We’re compelled to clarify whether a megaproject like the interoceanic canal could contribute to the development process. It’s true that building the infrastructure for such a canal would produce an important temporary boom in economic activity, although the machinery and the entire imported component involved in such a major work could exceed 70% of the investment, thus having little or no impact on the local economy.

In no way can this temporary boom from the direct and multiplying effect of the investments be compared to a country’s self-sustaining development over time. And once the infrastructure is built, this boom inevitably ends.

When that happens, the canal will be reduced to a relatively self-sufficient, powerful private enclave able to supply the needs of the staff employed there, as happened in Panama’s Canal Zone. For all intents and purposes, that enclave will be separate from the rest of our country, with few links to the rest of the economy. Furthermore, as an extremely capital-intense operation, the canal won’t need a large workforce to keep it functioning once it’s in operation.

What will remain for us?

There’s another problem. The canal’s construction phase will inevitably be accompanied by the effects of the well-known “Dutch disease,” in which the magnitude of the capital inflows causes a massive revaluation of the real exchange rate. That will make Nicaragua’s tradable activities—such as agriculture and cattle raising, agroindustry and other industry—uncompetitive on the international market. Such a huge revaluation of the exchange rate is diametrically opposed to what is needed to promote positive productive restructuring. It’s also opposed to Nicaragua’s need to transform its current kind of insertion in the international economy.

To achieve the transformation we need, Nicaragua needs to maintain a high and relatively stable real exchange rate that promotes focusing resources to the exportable sectors and those that would replace imports. With a permanent “Dutch disease”—an exchange rate that renders the majority of potentially tradable national economic activities internationally uncompetitive—the economy’s structural change process would stay blocked. What we’d have as a result wouldn’t be the needed process described above: permanent diversification of the productive structure and employment towards increasingly more productive activities, greater value added, more dynamic domestic and foreign demand and denser inter-sectoral production chains. Instead we would have a gigantic high-tech enclave, with very limited job creation, in the middle of a lagging economy, dependent on the crumbs left us by the canal.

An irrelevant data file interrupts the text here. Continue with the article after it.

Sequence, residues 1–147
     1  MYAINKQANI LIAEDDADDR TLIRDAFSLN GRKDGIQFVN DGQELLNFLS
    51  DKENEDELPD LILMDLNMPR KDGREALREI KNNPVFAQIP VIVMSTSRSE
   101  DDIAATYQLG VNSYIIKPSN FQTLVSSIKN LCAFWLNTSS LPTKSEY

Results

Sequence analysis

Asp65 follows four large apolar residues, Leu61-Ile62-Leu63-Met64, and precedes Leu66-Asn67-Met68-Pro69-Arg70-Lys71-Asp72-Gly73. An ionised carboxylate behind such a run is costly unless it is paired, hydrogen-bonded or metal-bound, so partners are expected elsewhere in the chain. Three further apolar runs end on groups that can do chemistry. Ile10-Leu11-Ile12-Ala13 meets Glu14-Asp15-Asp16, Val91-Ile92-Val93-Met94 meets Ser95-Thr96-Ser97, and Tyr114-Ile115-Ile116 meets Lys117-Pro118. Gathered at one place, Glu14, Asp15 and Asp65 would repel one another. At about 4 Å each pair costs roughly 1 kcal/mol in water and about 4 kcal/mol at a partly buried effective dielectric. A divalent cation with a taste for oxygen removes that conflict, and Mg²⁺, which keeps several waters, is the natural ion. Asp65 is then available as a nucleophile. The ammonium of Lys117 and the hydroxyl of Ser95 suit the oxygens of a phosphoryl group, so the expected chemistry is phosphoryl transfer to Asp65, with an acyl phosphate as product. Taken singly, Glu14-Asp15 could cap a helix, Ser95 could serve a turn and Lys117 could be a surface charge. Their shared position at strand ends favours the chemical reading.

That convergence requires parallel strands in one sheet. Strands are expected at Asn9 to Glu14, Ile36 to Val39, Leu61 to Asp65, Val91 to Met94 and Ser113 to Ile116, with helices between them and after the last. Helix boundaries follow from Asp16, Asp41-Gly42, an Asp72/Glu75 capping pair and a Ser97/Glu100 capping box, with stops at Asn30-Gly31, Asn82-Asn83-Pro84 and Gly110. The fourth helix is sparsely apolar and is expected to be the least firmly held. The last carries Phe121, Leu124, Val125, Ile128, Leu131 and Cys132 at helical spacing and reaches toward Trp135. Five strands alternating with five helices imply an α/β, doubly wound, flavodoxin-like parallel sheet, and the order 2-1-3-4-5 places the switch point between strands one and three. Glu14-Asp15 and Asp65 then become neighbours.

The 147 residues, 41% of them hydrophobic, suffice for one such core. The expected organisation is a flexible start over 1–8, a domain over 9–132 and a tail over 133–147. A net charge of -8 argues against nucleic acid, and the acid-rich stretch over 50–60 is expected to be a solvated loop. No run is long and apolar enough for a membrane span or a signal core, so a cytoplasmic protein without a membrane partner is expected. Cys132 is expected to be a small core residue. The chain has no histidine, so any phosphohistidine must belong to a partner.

Trapped in a vicious circle

But there’s even more. Once the temporary boom is over, the country’s economy—the part not integrated into the private canal enclave—could go into depression and acute stagnation, as has happened in so many other places in the world over history. Who today remembers the Bolivian city of Potosí, which had streets cobbled in silver during its boom in the 16th century?